Leaving Fee-for-Service Behind by Embracing a Safety Model

Published on: 
The American Journal of Accountable Care, March 2015, Volume 3, Issue 1

The time is now for primary care physicians to take a proactive approach in ensuring safety as a means of attaining accountability.

Historically, physicians have allowed the wave of CMS rules and regulations to crash over them, leaving behind frustration and attitude in its wake; the time is now that we take charge with a proactive approach to these changes. CMS is moving forward with an aggressive stance to alter the method of payment for Medicare. A recent New England Journal of Medicine article entitled “Setting Value-Based Payment Goals—HHS Efforts to Improve U.S. Health Care” by Department of HHS Secretary Sylvia Burwell, outlines 2 major goals: the first, a shift away from fee-for-service by having 30% of Medicare payments made via alternative models by 2016, and 50% by 20181; the second, is creating a link from the remaining fee-for-service payments to a value-based payment system. The emergent, and perhaps unknown, detail is that the measures that will ultimately determine quality and value are currently being measured.

Fortunately for those of us who have joined an MSSP ACO, the performance rules required to succeed are quite similar (details of the rules can be found in the Federal Registry).2 To ensure that all ACOs have the chance to perform at a level that supports the highest value and quality over an entire population of beneficiaries, a practical approach must be put forward. This practical approach, however, does not require the immediate use of sophisticated clinical analytic registries, costly case managers, or an enormous administrative budget. What is required is a day 1 initiative to incorporate a handful of proactive processes and programs at the physician-patient level, which if done effectively will lay the groundwork for the subsequent use of big data analysis and integrative health information exchange systems.

Hopefully I have your attention by now, so here is my message: you do not need to have years of managed care experience. You also do not need to have experience in pay for performance and patient-centered medical homes, or expertise in medical informatics. What you do need is the belief that a primary care physician (PCP) can make the difference, and that the present model of care based on fee-for-service must evolve to highlight patient-centered needs. Once that change in behavior is made, adequate value-based payments will follow. If we help put power back into the hands of the PCP, then the focus on physician income can be expanded to include the pursuit of daily happiness, patient gratitude, and an overall environment focused on ensuring safety.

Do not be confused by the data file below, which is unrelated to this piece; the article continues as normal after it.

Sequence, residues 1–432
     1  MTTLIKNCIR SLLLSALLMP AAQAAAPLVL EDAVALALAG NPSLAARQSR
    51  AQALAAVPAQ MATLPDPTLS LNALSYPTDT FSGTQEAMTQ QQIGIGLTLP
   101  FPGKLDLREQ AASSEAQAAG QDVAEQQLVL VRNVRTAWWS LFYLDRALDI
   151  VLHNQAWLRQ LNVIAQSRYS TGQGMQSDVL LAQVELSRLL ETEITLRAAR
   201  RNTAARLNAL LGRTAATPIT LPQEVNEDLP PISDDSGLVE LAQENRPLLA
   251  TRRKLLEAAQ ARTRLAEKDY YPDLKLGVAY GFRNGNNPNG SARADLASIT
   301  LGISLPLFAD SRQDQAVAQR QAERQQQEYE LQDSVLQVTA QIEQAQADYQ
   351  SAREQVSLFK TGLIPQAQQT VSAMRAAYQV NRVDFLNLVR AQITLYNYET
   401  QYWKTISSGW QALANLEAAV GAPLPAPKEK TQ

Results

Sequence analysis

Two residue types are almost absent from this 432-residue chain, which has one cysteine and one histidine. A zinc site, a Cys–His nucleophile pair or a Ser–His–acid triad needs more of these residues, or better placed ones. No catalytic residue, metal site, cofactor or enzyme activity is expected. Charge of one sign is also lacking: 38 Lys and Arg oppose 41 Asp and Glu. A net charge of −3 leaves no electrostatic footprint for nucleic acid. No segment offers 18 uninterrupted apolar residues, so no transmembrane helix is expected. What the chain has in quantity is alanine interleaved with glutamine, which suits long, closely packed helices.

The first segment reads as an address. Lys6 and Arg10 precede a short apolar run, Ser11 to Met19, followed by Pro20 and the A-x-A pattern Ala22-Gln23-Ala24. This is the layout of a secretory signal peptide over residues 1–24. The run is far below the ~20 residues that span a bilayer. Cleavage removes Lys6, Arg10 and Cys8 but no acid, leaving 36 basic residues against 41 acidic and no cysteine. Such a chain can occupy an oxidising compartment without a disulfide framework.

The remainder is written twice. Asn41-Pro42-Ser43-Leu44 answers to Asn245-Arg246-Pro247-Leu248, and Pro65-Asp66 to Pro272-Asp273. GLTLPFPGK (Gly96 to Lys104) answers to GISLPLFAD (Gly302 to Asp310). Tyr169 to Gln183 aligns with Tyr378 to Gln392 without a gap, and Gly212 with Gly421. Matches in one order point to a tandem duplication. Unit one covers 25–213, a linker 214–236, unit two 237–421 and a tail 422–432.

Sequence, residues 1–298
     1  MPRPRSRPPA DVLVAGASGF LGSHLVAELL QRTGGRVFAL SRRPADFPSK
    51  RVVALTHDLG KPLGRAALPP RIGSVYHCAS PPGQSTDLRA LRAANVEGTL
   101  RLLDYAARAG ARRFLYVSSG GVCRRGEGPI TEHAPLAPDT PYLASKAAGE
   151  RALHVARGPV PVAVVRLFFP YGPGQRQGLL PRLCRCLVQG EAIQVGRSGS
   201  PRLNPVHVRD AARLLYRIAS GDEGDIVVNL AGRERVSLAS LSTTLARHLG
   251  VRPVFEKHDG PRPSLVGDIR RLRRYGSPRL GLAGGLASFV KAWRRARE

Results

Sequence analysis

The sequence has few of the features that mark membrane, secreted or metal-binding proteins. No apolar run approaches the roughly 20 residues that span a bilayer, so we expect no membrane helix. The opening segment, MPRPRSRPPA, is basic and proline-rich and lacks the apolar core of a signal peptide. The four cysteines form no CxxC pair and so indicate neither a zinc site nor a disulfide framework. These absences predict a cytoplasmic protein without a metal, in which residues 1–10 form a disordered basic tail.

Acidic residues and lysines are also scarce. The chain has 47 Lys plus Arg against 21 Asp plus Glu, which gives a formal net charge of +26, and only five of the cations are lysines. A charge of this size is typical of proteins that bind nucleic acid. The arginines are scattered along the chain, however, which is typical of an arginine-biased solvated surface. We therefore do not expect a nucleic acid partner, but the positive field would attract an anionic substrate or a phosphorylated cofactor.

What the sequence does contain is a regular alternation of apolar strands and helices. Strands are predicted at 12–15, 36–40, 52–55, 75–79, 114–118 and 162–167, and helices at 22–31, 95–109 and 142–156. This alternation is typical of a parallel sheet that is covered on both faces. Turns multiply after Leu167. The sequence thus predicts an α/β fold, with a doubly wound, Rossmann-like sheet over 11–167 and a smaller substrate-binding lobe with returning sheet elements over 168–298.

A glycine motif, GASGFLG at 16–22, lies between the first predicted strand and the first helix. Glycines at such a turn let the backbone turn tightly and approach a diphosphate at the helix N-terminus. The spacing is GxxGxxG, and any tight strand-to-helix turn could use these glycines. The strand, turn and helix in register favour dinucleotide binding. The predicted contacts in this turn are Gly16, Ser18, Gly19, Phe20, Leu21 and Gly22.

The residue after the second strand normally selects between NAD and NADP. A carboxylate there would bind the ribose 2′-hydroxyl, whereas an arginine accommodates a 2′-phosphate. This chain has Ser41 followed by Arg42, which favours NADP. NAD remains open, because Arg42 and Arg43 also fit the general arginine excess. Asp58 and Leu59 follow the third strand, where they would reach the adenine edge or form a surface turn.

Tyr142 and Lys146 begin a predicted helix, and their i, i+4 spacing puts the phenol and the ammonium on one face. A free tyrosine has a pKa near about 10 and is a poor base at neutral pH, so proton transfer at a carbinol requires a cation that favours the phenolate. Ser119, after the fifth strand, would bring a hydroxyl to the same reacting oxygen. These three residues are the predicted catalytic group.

As an internal medicine practitioner, I never ran an office in which the pursuit of safety served as the primary baseline that my office must achieve; however, in the year 2015, this is the exact key to the transformation needed to ensure that PCPs have a central role in preserving Medicare, and to reap the rewards from CMS’ new models of payment. If the PCP were to take a reactive approach to the changes in rules and regulations, it would result in the loss of independence via financial ruin, and replacement by alternative providers with far less experience, training, and insight.

• Would it be of value if your physician called you if you were admitted to the hospital?

• Would it be of value to you if your physician provided a summary or pertinent personal medical information to emergency rooms, hospitals, specialists, nursing facilities, etc?

• Would it be of value to you if your physician followed up with you 48 hours after he diagnosed and treated a condition which could get worse to confirm resolution of illness?